Bitcoin and crypto currencies

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Milo
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Re: The War Against the Dollar: the Alternative to SWIFT

Post by Milo » Sun Oct 21, 2018 8:58 pm

neverfail wrote:
Sun Oct 21, 2018 8:25 pm
Well, my country is not exactly lining up to join the Russian-Chinese "alternative". I cannot name too many others that would want to do so.
Two turkeys does not make an eagle.

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DavAdmin
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Re: The War Against the Dollar: the Alternative to SWIFT

Post by DavAdmin » Sun Oct 21, 2018 9:30 pm

Doc wrote:
Sun Oct 21, 2018 11:17 am
I don't understand the tech particularly well either. ATADMIN knows quite a bit about that. The overall system insure privacy until it is turned into something else like Fiat currency. All transactions are viewable by anyone however who made those transactions are unknown until converting to or from Crypto -currency.

In any event you can be sure that with or without swift, banking systems are completely transparent to multiple nations. With maybe exceptions like Iran that are cut off from the world banking system. But I wouldn't count on that. I really wouldn't. In the end VIA swift or any other system it will come down to a choice DO business with Iran or do business with the US.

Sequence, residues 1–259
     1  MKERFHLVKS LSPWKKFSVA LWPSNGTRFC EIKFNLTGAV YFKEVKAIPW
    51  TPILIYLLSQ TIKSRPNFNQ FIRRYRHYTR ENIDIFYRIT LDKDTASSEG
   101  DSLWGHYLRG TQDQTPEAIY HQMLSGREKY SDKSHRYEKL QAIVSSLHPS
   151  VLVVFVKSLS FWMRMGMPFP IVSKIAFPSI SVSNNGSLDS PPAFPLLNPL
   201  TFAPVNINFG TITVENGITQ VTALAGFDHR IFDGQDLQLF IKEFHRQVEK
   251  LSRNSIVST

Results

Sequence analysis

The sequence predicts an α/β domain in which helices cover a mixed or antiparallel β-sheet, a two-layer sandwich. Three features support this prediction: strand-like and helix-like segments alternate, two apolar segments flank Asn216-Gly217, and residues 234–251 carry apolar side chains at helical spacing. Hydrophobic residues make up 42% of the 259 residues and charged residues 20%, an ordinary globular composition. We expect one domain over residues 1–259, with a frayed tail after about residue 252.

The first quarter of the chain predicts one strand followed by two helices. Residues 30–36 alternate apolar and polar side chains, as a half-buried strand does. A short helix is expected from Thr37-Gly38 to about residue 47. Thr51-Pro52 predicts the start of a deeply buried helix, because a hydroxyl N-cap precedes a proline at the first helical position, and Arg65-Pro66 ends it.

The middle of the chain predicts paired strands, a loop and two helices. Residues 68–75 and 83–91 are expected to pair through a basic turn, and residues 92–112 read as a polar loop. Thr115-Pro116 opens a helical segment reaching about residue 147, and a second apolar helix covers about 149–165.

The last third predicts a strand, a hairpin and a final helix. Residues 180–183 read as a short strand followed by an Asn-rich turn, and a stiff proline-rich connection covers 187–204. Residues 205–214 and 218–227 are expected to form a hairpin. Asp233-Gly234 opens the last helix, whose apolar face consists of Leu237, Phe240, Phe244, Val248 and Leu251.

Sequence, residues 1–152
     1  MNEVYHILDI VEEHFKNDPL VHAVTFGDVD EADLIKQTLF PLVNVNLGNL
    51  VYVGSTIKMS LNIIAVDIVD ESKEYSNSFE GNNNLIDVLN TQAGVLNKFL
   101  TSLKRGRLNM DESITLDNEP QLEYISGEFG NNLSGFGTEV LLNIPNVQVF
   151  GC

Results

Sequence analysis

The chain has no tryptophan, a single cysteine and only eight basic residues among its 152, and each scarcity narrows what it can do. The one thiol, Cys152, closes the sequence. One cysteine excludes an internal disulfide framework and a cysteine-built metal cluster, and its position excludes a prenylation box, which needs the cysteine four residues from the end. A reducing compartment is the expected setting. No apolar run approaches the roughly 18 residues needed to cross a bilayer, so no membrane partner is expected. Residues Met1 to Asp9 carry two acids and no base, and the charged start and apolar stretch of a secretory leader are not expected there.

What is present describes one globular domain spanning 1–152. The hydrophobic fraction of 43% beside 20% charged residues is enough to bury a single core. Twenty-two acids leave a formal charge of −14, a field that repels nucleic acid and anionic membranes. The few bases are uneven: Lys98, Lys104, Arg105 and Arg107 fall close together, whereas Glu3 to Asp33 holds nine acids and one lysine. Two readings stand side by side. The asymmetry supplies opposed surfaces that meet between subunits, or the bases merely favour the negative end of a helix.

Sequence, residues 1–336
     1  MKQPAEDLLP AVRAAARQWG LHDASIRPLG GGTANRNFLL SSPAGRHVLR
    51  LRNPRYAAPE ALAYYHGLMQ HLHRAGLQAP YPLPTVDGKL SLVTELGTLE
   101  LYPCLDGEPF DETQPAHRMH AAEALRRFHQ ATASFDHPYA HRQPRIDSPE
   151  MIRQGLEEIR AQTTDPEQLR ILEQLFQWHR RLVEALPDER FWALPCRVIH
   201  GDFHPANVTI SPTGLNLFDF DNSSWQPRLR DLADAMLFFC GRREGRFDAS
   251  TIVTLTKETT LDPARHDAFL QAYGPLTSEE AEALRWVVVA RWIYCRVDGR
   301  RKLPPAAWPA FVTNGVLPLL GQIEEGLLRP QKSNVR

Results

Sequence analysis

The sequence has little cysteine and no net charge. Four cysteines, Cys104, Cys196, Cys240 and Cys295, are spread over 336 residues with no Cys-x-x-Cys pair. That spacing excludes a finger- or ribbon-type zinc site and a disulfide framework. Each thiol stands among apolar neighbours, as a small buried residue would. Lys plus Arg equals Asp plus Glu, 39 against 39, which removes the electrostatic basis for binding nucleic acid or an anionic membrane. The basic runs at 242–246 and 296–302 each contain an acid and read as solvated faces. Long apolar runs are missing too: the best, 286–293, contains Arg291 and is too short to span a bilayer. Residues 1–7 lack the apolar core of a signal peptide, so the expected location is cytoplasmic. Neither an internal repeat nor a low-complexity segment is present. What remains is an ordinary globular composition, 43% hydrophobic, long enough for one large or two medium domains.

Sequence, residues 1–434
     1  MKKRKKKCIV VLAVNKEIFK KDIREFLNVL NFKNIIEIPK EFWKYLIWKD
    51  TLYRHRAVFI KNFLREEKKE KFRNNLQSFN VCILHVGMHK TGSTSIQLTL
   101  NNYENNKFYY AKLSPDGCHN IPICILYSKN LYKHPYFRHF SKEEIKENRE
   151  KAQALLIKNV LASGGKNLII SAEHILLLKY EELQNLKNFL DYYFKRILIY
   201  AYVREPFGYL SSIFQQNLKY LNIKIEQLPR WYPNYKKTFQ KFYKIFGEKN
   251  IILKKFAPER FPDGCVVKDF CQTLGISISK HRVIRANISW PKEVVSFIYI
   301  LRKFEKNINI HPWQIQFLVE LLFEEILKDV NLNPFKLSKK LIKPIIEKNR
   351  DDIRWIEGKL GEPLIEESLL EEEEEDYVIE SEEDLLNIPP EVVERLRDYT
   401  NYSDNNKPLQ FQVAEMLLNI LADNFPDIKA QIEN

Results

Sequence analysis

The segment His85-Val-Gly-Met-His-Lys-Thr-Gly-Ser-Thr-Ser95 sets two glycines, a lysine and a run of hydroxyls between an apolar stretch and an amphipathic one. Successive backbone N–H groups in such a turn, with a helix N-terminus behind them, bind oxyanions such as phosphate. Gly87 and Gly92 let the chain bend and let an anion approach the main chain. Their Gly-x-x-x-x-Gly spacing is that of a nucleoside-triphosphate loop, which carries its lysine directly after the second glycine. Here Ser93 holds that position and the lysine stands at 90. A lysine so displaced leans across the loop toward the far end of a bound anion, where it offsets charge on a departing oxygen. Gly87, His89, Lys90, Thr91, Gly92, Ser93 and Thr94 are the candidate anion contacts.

SWIFT is painfully slow and expensive for cross-border payments, especially small ones. Cryptocurrencies, whether state backed or independent, will be the future of finance.

The banks hate them because they are a threat to the profit margins as banks make billions by charging people to move their money around.

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Doc
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Re: The War Against the Dollar: the Alternative to SWIFT

Post by Doc » Sun Oct 21, 2018 10:53 pm

DavAdmin wrote:
Sun Oct 21, 2018 9:30 pm
Doc wrote:
Sun Oct 21, 2018 11:17 am
I don't understand the tech particularly well either. ATADMIN knows quite a bit about that. The overall system insure privacy until it is turned into something else like Fiat currency. All transactions are viewable by anyone however who made those transactions are unknown until converting to or from Crypto -currency.

In any event you can be sure that with or without swift, banking systems are completely transparent to multiple nations. With maybe exceptions like Iran that are cut off from the world banking system. But I wouldn't count on that. I really wouldn't. In the end VIA swift or any other system it will come down to a choice DO business with Iran or do business with the US.
SWIFT is painfully slow and expensive for cross-border payments, especially small ones. Cryptocurrencies, whether state backed or independent, will be the future of finance.

The banks hate them because they are a threat to the profit margins as banks make billions by charging people to move their money around.
Tell me about it. But the banks are seemingly trying really hard to co-op Bitcoin. They have a huge amount of political pull.
“"I fancied myself as some kind of god....It is a sort of disease when you consider yourself some kind of god, the creator of everything, but I feel comfortable about it now since I began to live it out.” -- George Soros